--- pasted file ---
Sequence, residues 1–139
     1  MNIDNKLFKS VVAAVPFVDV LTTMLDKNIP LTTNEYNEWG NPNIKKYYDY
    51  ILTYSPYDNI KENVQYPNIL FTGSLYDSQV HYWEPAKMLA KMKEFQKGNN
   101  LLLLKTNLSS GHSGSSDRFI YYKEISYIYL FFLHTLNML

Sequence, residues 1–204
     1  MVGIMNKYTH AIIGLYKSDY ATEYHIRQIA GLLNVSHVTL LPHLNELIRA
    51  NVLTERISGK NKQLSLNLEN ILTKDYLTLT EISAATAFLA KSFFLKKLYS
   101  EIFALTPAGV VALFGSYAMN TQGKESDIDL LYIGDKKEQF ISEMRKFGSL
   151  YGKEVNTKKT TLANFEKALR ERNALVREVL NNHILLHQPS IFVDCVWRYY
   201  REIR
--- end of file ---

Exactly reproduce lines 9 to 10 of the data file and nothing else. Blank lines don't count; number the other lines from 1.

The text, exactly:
   151  YGKEVNTKKT TLANFEKALR ERNALVREVL NNHILLHQPS IFVDCVWRYY
   201  REIR